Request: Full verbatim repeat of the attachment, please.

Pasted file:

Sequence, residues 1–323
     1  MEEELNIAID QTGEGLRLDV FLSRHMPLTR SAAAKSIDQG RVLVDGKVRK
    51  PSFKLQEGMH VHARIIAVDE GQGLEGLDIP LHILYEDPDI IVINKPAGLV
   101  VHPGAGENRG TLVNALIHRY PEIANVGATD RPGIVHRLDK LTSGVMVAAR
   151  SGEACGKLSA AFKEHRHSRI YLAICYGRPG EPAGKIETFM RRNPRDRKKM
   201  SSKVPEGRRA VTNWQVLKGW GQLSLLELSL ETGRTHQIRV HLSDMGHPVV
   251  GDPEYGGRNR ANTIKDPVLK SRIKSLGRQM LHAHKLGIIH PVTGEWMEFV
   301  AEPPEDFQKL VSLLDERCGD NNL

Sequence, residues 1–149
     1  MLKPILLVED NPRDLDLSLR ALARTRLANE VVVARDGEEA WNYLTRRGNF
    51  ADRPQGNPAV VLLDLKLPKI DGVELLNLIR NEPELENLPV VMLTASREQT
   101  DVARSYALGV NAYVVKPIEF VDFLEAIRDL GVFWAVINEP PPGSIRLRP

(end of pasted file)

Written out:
Sequence, residues 1–323
     1  MEEELNIAID QTGEGLRLDV FLSRHMPLTR SAAAKSIDQG RVLVDGKVRK
    51  PSFKLQEGMH VHARIIAVDE GQGLEGLDIP LHILYEDPDI IVINKPAGLV
   101  VHPGAGENRG TLVNALIHRY PEIANVGATD RPGIVHRLDK LTSGVMVAAR
   151  SGEACGKLSA AFKEHRHSRI YLAICYGRPG EPAGKIETFM RRNPRDRKKM
   201  SSKVPEGRRA VTNWQVLKGW GQLSLLELSL ETGRTHQIRV HLSDMGHPVV
   251  GDPEYGGRNR ANTIKDPVLK SRIKSLGRQM LHAHKLGIIH PVTGEWMEFV
   301  AEPPEDFQKL VSLLDERCGD NNL

Sequence, residues 1–149
     1  MLKPILLVED NPRDLDLSLR ALARTRLANE VVVARDGEEA WNYLTRRGNF
    51  ADRPQGNPAV VLLDLKLPKI DGVELLNLIR NEPELENLPV VMLTASREQT
   101  DVARSYALGV NAYVVKPIEF VDFLEAIRDL GVFWAVINEP PPGSIRLRP